Protests – The people spill-over into the streets

Sri Lankans are finding themselves in increasingly difficult living and social conditions. Since the start of March 2022, Sri Lankan homes and companies have experienced daily power cuts which have been highly grueling and have had a significant impact on productivity and efficiency. There has also been a petrol/fuel shortage which continues even at present, with long lines of people queuing up outside petrol stations to acquire a supply of fuel.

The street protests that have developed in Sri Lanka during the past few months have now subsided. However, it is important to analyse them as there is a very strong likelihood that such street protests may resume if the economic and political situation does not improve. These street protests have three broad dimensions. First, it is important to understand that the bulk of the protestors comprise the youth. These youth, many of whom are struggling with unemployment and their future hopes and aspirations being dashed by the impact of the crisis, are demanding immediate answers to their predicament in anger. The current political situation is therefore, highly volatile and dangerous, with the possibility of increasing bloody clashes between protestors and the security forces.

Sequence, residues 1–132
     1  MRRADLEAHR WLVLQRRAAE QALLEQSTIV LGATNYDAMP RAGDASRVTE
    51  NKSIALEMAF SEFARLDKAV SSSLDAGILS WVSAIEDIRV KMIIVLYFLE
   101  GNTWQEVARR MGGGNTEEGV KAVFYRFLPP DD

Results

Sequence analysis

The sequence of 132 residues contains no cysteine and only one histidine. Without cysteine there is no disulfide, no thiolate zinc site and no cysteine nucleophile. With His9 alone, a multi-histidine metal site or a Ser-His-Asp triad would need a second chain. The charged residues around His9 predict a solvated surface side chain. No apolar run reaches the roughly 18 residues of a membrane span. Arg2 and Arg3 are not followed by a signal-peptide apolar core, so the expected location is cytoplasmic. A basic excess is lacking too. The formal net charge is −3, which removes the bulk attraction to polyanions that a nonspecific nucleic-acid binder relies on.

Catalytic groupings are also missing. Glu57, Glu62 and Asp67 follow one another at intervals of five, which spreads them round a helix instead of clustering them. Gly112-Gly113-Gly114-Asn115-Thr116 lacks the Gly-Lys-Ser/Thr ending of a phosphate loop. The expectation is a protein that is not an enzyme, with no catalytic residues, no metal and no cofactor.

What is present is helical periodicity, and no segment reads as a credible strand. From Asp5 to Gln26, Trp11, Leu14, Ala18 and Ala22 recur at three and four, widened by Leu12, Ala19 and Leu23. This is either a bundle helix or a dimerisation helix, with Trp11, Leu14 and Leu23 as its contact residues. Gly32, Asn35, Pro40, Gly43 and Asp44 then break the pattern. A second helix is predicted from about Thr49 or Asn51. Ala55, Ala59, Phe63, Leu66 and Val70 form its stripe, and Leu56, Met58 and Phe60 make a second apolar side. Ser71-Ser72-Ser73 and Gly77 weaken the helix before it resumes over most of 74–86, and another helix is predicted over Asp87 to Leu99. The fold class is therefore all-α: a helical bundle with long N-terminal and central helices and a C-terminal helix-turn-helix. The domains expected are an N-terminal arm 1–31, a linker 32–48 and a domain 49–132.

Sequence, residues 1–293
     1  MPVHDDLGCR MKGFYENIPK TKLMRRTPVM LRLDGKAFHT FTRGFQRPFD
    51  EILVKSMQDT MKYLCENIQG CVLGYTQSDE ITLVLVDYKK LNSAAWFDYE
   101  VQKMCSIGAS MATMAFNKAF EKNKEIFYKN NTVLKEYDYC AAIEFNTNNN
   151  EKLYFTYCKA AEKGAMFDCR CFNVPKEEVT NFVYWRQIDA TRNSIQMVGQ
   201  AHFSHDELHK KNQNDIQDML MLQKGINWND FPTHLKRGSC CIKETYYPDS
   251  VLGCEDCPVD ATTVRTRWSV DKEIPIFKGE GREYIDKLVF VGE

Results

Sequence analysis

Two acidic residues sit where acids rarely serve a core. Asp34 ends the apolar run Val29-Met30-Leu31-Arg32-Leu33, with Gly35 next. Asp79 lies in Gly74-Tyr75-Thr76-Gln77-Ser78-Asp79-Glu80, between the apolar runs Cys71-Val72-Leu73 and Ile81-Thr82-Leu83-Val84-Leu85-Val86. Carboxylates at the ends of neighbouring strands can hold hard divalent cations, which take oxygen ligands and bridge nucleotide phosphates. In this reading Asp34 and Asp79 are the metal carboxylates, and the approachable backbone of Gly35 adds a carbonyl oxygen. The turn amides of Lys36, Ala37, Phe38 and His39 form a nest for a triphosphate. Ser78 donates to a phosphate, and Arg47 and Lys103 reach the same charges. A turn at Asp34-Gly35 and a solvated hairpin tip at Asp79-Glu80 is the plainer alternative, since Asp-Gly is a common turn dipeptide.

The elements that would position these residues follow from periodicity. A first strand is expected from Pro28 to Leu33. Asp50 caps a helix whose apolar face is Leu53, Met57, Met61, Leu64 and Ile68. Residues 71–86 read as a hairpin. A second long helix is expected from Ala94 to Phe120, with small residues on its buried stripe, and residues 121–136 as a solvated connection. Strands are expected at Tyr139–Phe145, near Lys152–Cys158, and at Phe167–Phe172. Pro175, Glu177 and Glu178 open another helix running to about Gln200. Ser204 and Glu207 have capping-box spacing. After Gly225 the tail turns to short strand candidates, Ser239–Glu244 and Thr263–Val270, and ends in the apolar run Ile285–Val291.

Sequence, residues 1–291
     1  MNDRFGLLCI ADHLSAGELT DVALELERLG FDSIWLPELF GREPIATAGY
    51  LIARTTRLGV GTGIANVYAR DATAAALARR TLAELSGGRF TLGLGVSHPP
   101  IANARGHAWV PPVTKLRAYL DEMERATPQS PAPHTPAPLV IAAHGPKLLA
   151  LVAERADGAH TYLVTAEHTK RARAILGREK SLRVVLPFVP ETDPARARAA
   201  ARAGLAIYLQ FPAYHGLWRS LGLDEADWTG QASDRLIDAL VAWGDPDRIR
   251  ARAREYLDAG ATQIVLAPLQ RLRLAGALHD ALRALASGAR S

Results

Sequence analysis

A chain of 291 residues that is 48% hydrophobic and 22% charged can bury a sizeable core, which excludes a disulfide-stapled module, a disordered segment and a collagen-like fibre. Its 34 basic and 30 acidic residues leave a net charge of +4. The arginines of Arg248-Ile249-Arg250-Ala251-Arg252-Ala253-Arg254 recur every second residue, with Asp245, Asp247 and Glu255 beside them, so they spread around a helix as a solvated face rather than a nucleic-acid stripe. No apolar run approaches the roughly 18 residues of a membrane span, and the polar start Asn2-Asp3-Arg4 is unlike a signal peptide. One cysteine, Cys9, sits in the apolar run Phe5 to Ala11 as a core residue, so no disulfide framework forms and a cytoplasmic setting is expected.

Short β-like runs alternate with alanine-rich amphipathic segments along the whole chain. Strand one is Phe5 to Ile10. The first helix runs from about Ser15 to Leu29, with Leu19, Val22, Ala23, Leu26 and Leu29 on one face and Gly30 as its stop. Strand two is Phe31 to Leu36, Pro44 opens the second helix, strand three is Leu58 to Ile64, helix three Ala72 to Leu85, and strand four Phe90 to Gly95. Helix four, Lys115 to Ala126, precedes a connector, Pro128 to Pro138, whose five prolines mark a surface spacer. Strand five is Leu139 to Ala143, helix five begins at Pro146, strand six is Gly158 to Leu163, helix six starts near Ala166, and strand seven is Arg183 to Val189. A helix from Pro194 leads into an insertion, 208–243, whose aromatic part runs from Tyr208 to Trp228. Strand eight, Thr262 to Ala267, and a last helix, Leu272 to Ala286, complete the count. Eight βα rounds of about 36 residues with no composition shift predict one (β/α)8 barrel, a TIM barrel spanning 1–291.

The second dimension is the media. Media coverage and portrayal of the waves of protests in Sri Lanka have been largely sympathetic to the protestors. Most media (both local and international) have supported the protest movement by granting it widespread coverage and turning it into a global phenomenon. In fact Sri Lanka is now becoming a focal point throughout the world for protest movements fuelled largely by economic issues.

The third dimension is the Wickremsinghe presidency. Ranil Wickremesinghe may have attained his dream of becoming President of Sri Lanka and of course congratulations are in order. However, a word of caution is also in order. First, President Wickremesinghe inherits an almost impossible job at an impossible time. His core focus must be the correction of the Sri Lankan economic mess- focusing in particular on eliminating fuel shortages, curtailing inflation and introducing an immediate and sensible plan to restructure Sri Lanka’s international debt. If he does this and manages this equilibrium cleverly, he has an opportunity to go down in Sri Lanka history as a very successful leader at a time of urgent national need.

In lieu of a conclusion

In conclusion, the political situation in Sri Lanka in August 2022 is very concerning indeed. In a nutshell the scenario can be summarised as an economic calamity coupled with acute political disorder and division. There is no clear answer to these difficult questions and each minute the crisis evolves. Whatever happens in the end, it is clear that every single citizen of Sri Lanka will be grappling with very difficult political questions throughout the days, weeks, and months to come.

The writer can be contacted at [email protected]

BY Sachin Parathalingam